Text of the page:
31 31 in the bazaar: Gadgets & Robots as pets Nikko is reminiscent of the R2-D2 robot from Star Wars although in reality it’s a multifunction machine with the following characteristics: DVD player Memory card reader Can link to an iPod And even a DLP projector Thus it has used the shape of the mythical robot-person and has several functions which make it justifiable to potential purchasers. It’s called Spyke and it’s another “robot” made by Mecanno: WiFi Connection 2 motors to be able to move around Compatible with Skype – without needing to be close to the computer, as it has its own microphone - Movement sensor (an example is that it can be left as a “watchdog” during the holidays, and if robbers come, it detects the movement, takes a photo and sends you an email or starts an alarm) Video camera + Microphone + Loudspeaker + MP3 Player Thus, although it doesn’t have many more functions than a computer might, the difference lies in its capacity to move and have “life” and empathy. (Demonstration on: http://es.youtube.com/watch?v=AG7J2S5s qbo&feature=related http://es.youtube.com/watch?v=AG7J2S5s qbo&feature=related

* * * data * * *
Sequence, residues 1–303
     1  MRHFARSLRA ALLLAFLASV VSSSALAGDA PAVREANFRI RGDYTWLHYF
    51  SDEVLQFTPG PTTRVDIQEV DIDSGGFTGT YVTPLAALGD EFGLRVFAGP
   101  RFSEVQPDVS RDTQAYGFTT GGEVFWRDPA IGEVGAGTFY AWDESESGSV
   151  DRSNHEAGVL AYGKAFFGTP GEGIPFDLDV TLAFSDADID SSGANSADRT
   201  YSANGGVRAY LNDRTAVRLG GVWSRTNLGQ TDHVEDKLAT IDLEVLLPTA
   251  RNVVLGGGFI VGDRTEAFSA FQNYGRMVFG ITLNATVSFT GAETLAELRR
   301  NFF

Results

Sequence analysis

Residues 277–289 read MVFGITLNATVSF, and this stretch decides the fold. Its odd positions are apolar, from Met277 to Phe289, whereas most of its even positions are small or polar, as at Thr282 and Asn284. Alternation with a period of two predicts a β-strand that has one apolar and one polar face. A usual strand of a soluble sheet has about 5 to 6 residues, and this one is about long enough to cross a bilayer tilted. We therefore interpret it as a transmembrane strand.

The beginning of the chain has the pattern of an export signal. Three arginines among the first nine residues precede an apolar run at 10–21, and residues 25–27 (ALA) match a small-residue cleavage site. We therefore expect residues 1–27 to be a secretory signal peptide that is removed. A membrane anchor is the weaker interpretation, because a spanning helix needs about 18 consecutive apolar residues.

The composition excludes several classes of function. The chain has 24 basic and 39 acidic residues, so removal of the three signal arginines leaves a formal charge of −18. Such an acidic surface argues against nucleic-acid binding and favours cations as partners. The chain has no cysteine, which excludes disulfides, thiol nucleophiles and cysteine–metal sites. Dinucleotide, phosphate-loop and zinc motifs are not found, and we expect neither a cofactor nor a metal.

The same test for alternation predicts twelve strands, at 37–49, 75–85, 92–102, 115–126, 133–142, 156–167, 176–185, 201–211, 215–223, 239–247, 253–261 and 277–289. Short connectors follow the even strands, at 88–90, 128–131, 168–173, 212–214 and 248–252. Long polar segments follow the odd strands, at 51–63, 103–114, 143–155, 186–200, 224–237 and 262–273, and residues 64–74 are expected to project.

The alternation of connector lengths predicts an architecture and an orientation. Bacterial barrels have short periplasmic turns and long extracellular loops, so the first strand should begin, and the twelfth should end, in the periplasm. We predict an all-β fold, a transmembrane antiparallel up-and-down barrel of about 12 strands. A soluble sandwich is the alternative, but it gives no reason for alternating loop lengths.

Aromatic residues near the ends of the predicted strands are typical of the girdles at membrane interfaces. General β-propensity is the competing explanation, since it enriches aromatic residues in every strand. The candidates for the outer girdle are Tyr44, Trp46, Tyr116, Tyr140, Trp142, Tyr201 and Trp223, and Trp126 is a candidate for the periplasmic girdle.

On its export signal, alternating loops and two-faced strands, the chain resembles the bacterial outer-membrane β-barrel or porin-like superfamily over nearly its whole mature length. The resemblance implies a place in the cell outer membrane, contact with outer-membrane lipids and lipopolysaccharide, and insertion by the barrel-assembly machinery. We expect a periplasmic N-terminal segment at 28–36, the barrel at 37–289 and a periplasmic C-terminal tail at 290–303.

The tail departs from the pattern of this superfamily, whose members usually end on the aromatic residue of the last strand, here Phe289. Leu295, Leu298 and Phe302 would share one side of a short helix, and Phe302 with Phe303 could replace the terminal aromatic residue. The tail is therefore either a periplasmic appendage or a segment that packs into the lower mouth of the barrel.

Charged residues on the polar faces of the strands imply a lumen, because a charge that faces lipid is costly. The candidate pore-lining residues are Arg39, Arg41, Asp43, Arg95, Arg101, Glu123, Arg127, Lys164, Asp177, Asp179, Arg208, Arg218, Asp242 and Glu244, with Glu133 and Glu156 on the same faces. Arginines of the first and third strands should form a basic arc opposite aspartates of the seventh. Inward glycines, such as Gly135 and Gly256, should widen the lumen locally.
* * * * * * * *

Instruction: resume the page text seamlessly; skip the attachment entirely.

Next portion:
32 32 in the bazaar: Gadgets & Robots as pets BEAR is a robot that helps soldiers (US Military) with a remote control. It can reach beyond where a human being can, and with its two hydraulic arms it can lift people of up to 135 kg. It can thus be used, in theory, to save the wounded on the battle-front, although it can also help in hospitals or in people’s own homes. REDOWL is a robot head, used for battles, thought up by Glenn Thoren, director of Insight Technology in Londonderry (USA). Controlled using a laptop, its developed senses can detect objects from a distance of a football field and identify which rifle has been shot, from a mile away simply by analyzing the sound. It works with 3 basic elements: 1)EARS: when a shot goes off, the system recognises the arm (ignoring friendly fire). 2)EYES: a central camera allows it to see where they are being aimed at, and a strong zoom makes it easier for the operator to detect the enemy. It also has a powerful beam light. 3)MATHEMATICAL KNOWLEDGE: calculates distance, positions, finds locations...